Russia to send Tajikistan-born singer to Eurovision
Manizha Sangin emigrated to Russia with her family at age three, during the Tajik civil war.
If Eurovision has helped erase borders for European music lovers, it is now doing the same in the former Soviet Union.
Russian music fans have elected to send a singer of Tajik origin to the next Eurovision Song Contest, which will feature musicians from 41 nations in Rotterdam in May. The vote by text message was held March 8 on state-run Channel One. Ballots were only accepted from Russian telephone numbers.
Manizha Sangin emigrated to Russia with her family at age three, during the Tajik civil war. She is well known for taking progressive social positions, supporting migrants, women and the LGBT community. In 2019, she helped launch a mobile phone app to help victims of domestic violence. The following year she was named a Goodwill Ambassador by the UN Refugee Agency.
The song she will perform at Eurovision, “Russian Woman,” mocks gender stereotypes: the idea that women should give birth before the age of 30, what they should eat, how they should dress. It beat out two other performers for the right to the Eurovision spotlight: Therr Maitz with the song "Future is Bright" and the duet #2Mashi’s "Bitter Worlds.”
Tajiks are happy to see a woman from their country represent Russia in the international competition. Many seem to enjoy the acknowledgement of the growing role an estimated one million Tajik laborers in Russia play in that society. Manizha often wears Tajik national clothing and designs, uses Tajik words in her performances, and her songs are popular in her homeland, where Russian cultural influences remain strong.
In 2019, she came to Tajikistan to shoot a video for "Nedoslovianka” (not quite Slavic woman), where she describes that while she is an outsider in Tajikistan, she doesn’t feel accepted in Russia, either.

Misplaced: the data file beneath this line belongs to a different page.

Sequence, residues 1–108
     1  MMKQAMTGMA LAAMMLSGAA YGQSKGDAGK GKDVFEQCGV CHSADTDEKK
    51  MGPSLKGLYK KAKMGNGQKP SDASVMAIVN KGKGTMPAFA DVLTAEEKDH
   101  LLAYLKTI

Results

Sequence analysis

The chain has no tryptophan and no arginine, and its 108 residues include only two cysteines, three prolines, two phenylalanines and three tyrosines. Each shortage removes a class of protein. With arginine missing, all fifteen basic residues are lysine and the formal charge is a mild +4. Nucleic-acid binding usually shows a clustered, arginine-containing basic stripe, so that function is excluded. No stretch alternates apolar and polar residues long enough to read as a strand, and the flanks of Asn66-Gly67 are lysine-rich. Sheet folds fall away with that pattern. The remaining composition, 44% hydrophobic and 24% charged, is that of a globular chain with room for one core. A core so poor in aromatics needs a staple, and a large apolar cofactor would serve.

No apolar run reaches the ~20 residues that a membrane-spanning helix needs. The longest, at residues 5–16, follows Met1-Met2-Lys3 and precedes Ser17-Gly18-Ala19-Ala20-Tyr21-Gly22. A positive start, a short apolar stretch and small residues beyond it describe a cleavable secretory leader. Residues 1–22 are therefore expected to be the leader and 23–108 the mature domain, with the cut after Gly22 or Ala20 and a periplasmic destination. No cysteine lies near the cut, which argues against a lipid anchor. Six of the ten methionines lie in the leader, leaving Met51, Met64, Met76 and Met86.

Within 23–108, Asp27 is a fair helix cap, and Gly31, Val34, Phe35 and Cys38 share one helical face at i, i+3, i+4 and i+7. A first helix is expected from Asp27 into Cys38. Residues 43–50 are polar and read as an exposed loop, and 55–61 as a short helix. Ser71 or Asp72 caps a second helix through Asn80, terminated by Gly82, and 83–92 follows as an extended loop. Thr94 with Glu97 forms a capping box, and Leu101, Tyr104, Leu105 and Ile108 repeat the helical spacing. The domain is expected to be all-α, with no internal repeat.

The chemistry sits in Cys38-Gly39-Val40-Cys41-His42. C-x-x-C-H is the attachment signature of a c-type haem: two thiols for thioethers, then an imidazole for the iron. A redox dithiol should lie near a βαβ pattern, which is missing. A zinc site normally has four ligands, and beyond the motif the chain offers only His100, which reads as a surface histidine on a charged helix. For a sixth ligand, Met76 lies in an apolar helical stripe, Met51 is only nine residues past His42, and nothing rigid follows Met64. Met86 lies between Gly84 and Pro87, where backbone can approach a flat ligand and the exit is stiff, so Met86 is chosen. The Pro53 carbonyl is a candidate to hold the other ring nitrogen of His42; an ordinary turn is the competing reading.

Gulafruz, a 22-year-old woman from Dushanbe, said she is proud of Manizha for winning the nomination, though she admits she doesn’t listen to her songs: “You can't understand them all at once, you have to listen to them several times to understand her,” Gulafruz told Eurasianet.
Nekruz, 25, says that Manizha’s victory will show the Russian people that Tajiks are not only cleaners and construction workers, but also people with talent.
While there is evident excitement in many corners of the Runet, it is not hard to find the sort of racism constantly bubbling under the surface of Russian society. One typical Facebook reaction suggested that only Tajiks voted for Manizha: “I want to know who exactly voted for Manizha? Not as a percentage, but by name. The Russians definitely didn't vote for her,” a woman called Maria Ivanova wrote.
Sign up for Eurasianet's free weekly newsletter. Support Eurasianet: Help keep our journalism open to all, and influenced by none.